The chill caught me by surprise. Dressed in cycling shorts and jersey I stepped outside. It was just after sunrise on a gloriously clear morning. As I wheeled my bike across the drive, about to set off for a 36 miles ride, the crisp air quickly covered my arms and legs with goose bumps. Where did that come from? It’s summer!
August has been a turbulent month for weather. With the Jet Stream unpredictably wandering all over the place like a drunken Dalek, we don’t seem to have had anything like our normal late summer weather. Sometimes it’s been very wet, yet very dry at others. Sometimes it’s been very warm, yet surprisingly cool at others, as it was on the morning mentioned above.
I had been warned. The weather forecast mentioned typical early autumn weather for a couple of days. What does that mean? It means warm by day; cool by night with occasional early morning mist patches.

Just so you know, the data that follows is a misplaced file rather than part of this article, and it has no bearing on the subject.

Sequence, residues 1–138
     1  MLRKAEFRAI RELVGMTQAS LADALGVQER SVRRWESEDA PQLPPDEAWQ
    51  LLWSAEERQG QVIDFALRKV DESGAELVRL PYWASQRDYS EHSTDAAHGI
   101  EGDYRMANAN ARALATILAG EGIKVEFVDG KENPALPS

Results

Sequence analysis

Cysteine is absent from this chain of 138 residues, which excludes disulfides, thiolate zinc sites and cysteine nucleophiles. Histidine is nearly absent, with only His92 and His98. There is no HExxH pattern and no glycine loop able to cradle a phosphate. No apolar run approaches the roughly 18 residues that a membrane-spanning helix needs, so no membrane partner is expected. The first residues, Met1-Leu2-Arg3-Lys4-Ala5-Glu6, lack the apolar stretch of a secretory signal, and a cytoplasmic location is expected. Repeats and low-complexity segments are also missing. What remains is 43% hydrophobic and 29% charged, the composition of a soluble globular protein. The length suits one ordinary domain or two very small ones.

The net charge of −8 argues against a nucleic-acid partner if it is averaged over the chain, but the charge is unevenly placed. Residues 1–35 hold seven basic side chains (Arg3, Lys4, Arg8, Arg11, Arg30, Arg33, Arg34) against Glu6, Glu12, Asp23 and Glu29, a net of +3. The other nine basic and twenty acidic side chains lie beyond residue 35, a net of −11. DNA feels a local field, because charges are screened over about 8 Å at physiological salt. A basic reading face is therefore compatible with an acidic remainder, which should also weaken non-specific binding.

As I set off riding I could see that the forecast had been spot-on. Lying low in the dale was a thin mist. Not much I’ll admit, probably not enough to make a picture of, but enough to get me excited. Summer is a slow time for me when it comes to photography. It’s when my camera has a holiday and takes it easy. But at the first sign of mist it gets dusted down and woken from its slumber.
I love mist. Here is something that has so little substance that I can’t even get hold of it, yet it gives a photograph real presence. Used correctly it takes a two dimensional object and gives it the illusion of depth – a third dimension. Oh yes, I love mist. It excites me! Yet it’s strange to think that as heather on my local moors is in its spectacular summery best, I’m beginning to think of autumn mists. I guess that’s photographers for you, always looking for the next opportunity.